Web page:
These relaxers can be marketed as base and no base relaxers. Base relaxers require stylists to base the client’s entire scalp with a protective cream prior to the chemical relaxer application. No base relaxers have a protective cream built within the relaxer that settles onto the scalp according to the client’s body temperature. Although no base relaxers have a thin, oil like protective cream within the relaxer system, most stylists use a base cream around the ears and hairline for added protection.

Relaxer Q&A

How Do Relaxers Work?

During a chemical relaxing procedure of a hydroxide relaxer a process called lanthionization occurs, which is the breaking of a disulfide bonds to alter the curl pattern of the hair. During this process the curl pattern is loosened or relaxed. The cortex is thus elongated, stretching the original curl pattern, therefore making this a permanent alteration.

What are the different types of Hydroxide relaxers?

There are several types of Hydroxide relaxers aka Metal Relaxers which are sold to professionals and consumers with no mixing requirements. The ionic metals include sodium (Na), lithium (Li), and potassium (k). These metals are combined with oxygen (o) and hydrogen (h), forming ionic compounds known as relaxers which include the following active ingredients: sodium hydroxide (NaOH), potassium hydroxide (KOH), and lithium hydroxide (LiOH). Sometimes calcium (CaOH) is added to hydroxide relaxers, but it is not used solely to relax hair

What is the difference between Lye and No Lye Relaxers?

The main active ingredient in a Lye Relaxer is Sodium Hydroxide (NaOH). Sodium Hydroxide relaxers are very effective in breaking down the hair’s bonds (straightening the hair) quickly. Because it processes quickly it is also the most commonly used relaxers by professionals. Through speedy and precise application, professional stylists are able to apply the relaxer evenly, process the relaxer in a timely manner and rinse thoroughly with a neutralizing shampoo to avoid damage and potential irritation during the chemical process.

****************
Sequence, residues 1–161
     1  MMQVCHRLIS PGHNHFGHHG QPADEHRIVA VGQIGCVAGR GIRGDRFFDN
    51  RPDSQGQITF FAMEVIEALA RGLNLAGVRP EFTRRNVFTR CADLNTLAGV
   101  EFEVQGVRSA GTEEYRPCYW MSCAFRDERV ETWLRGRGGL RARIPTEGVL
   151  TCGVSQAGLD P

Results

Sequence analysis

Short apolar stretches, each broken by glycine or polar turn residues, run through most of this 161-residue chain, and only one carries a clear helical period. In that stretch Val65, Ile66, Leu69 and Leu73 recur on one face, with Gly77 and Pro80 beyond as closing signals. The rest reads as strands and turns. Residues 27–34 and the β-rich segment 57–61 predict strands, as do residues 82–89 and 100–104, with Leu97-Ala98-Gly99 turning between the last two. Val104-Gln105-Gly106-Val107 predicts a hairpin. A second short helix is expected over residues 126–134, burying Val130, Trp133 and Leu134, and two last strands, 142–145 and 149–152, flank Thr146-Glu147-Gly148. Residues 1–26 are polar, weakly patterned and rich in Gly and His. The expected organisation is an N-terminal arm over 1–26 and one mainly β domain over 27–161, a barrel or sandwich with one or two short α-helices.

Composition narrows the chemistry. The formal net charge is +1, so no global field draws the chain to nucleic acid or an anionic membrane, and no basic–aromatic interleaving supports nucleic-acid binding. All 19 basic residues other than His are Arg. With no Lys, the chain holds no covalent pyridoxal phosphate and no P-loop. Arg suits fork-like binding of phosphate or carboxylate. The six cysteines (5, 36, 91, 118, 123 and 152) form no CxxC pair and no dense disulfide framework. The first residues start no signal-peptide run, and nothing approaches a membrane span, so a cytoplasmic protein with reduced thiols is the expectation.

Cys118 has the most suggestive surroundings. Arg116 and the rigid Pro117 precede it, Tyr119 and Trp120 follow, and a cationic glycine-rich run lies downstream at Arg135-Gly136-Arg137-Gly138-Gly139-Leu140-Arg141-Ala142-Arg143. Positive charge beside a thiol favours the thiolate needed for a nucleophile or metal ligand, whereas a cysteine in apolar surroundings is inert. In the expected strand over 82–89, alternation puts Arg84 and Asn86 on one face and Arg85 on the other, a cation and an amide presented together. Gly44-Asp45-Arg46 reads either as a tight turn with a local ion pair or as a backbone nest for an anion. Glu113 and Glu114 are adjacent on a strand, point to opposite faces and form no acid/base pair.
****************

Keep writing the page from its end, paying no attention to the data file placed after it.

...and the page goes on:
Lithium hydroxide (LiOH) and potassium hydroxide (KOH), calcium hydroxide (CaOH) and Guanidine hydroxide relaxers are marketed as No Lye relaxers. Although these ionic compounds are not lye, hydroxide is an active ingredient. No lye relaxers are ideal for someone with a very sensitive scalp, as the chemicals and pH level of these type of relaxers are milder than lye based relaxers. No lye relaxers are commonly associated to dryer hair due to calcium buildup. This can easily be addressed through the use of a clarifying shampoo to remove dull deposits and a deep conditioning treatment to add moisture back to the hair.

What is a Low Lye relaxer?

A Low Lye relaxer has the lowest concentration of sodium hydroxide which is less than 2.5%. It is equally as effective as other Sodium Hydroxide relaxers however much more mild due to the percentage of active ingredient. The low lye relaxer gently loosens the bonds for increased manageability, while maintaining some level of texture in the hair.

Which type of relaxer is better for the hair?

It is best to seek the advice of a licensed professional stylist to determine the best relaxer system for your hair type. A full consultation should be conducted by a professional prior to using a particular type or strength of relaxer.

What if I have a sensitive scalp? Which type of relaxer should be used?

 A professional stylist can analyze your scalp and hair to determine if relaxing is the best option for you, and if so, which type of relaxer is best. Often times Guanidine hydroxide relaxers and calcium hydroxide relaxers are recommended for clients who have a sensitive scalp, however a professional stylist will be able to recommend the best relaxer option for you.

Why are there different relaxer strengths? Don’t they all relax the hair the same way?